IDEAS home Printed from https://ideas.repec.org/p/fth/nystfi/98-077.html
   My bibliography  Save this paper

Survivorship Bias and Attrition Effects in Measures of Performance Persistence

Author

Listed:
  • Jennifer Carpenter
  • Anthony Lynch

Abstract

We generate samples of fund returns calibrated to match the U.S. mutual fund industry and simulate standard tests of performance persistence. We consider a variety of alternative return generating processes, survival criteria, and test methodologies. When survival depends on performance over several periods, survivorship bias induces spurious reversals, despite the presence of cross-sectional heteroskedasticity in performance. In samples which are largely free of survivorship bias, look-ahead biased methodologies and missing returns still affect statistics. In samples with no true persistence, the spurious persistence caused by survivorship bias in the presence of single-period survival criteria never reaches the magnitude found in recent empirical studies. When fund returns are truly persistent, the simulations reveal an attrition effect, distinct from survivorship bias. The systematic disappearance of poor performers causes mean persistence measures to differ from those in a hypothetical sample in which funds never disappear, even in tests which incorporate all data on disappearing funds. The magnitude and direction of this effect depends on the return generating process. We also examine the specification and power of the persistence tests. The t-test for the difference between top and bottom portfolios ranked by past performance is the best specified under the null and among the most powerful against the alternatives we consider.

Suggested Citation

  • Jennifer Carpenter & Anthony Lynch, 1998. "Survivorship Bias and Attrition Effects in Measures of Performance Persistence," New York University, Leonard N. Stern School Finance Department Working Paper Seires 98-077, New York University, Leonard N. Stern School of Business-.
  • Handle: RePEc:fth:nystfi:98-077
    as

    Download full text from publisher

    To our knowledge, this item is not available for download. To find whether it is available, there are three options:
    1. Check below whether another version of this item is available online.
    2. Check on the provider's web page whether it is in fact available.
    3. Perform a search for a similarly titled item that would be available.

    Other versions of this item:

    References listed on IDEAS

    as
    1. De Bondt, Werner F M & Thaler, Richard, 1985. " Does the Stock Market Overreact?," Journal of Finance, American Finance Association, vol. 40(3), pages 793-805, July.
    2. Elton, Edwin J & Gruber, Martin J & Blake, Christopher R, 1996. "Survivorship Bias and Mutual Fund Performance," Review of Financial Studies, Society for Financial Studies, vol. 9(4), pages 1097-1120.
    3. Grinblatt, Mark & Titman, Sheridan, 1992. " The Persistence of Mutual Fund Performance," Journal of Finance, American Finance Association, vol. 47(5), pages 1977-1984, December.
    4. Darryll Hendricks & Jayendu Patel & Richard Zeckhauser, 1997. "The J-Shape Of Performance Persistence Given Survivorship Bias," The Review of Economics and Statistics, MIT Press, vol. 79(2), pages 161-166, May.
    5. Brown, Stephen J, et al, 1992. "Survivorship Bias in Performance Studies," Review of Financial Studies, Society for Financial Studies, vol. 5(4), pages 553-580.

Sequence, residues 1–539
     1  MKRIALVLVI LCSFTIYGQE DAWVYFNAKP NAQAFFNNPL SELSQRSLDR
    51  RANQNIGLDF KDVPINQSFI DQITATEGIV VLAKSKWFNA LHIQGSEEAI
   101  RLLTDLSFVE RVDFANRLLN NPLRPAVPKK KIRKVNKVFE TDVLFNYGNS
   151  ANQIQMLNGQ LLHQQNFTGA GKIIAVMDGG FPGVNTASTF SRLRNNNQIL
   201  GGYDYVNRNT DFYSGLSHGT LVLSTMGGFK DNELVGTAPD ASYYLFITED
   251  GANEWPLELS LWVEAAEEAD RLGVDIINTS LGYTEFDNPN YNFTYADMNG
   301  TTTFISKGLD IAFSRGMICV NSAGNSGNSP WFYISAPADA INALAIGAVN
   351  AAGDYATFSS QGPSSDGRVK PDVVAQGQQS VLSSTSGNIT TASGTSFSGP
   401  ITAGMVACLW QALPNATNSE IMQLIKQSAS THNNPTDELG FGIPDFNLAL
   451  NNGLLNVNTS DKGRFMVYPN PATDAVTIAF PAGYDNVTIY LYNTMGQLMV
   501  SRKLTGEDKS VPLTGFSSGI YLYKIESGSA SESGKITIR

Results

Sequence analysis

6. Shumway, Tyler, 1997. " The Delisting Bias in CRSP Data," Journal of Finance, American Finance Association, vol. 52(1), pages 327-340, March.
    7. Fama, Eugene F & French, Kenneth R, 1996. " Multifactor Explanations of Asset Pricing Anomalies," Journal of Finance, American Finance Association, vol. 51(1), pages 55-84, March.
    8. Elton, Edwin J & Gruber, Martin J & Blake, Christopher R, 1996. "The Persistence of Risk-Adjusted Mutual Fund Performance," The Journal of Business, University of Chicago Press, vol. 69(2), pages 133-157, April.
    Full references (including those not matched with items on IDEAS)

    More about this item

    Statistics

    Access and download statistics

    Corrections

    All material on this site has been provided by the respective publishers and authors. You can help correct errors and omissions. When requesting a correction, please mention this item's handle: RePEc:fth:nystfi:98-077. See general information about how to correct material in RePEc.

    For technical questions regarding this item, or to correct its authors, title, abstract, bibliographic or download information, contact: (Thomas Krichel). General contact details of provider: http://edirc.repec.org/data/fdnyuus.html .

    If you have authored this item and are not yet registered with RePEc, we encourage you to do it here. This allows to link your profile to this item. It also allows you to accept potential citations to this item that we are uncertain about.

    If CitEc recognized a reference but did not link an item in RePEc to it, you can help with this form .

    If you know of missing items citing this one, you can help us creating those links by adding the relevant references in the same way as above, for each refering item. If you are a registered author of this item, you may also want to check the "citations" tab in your RePEc Author Service profile, as there may be some citations waiting for confirmation.

    Please note that corrections may take a couple of weeks to filter through the various RePEc services.

    IDEAS is a RePEc service hosted by the Research Division of the Federal Reserve Bank of St. Louis . RePEc uses bibliographic data supplied by the respective publishers.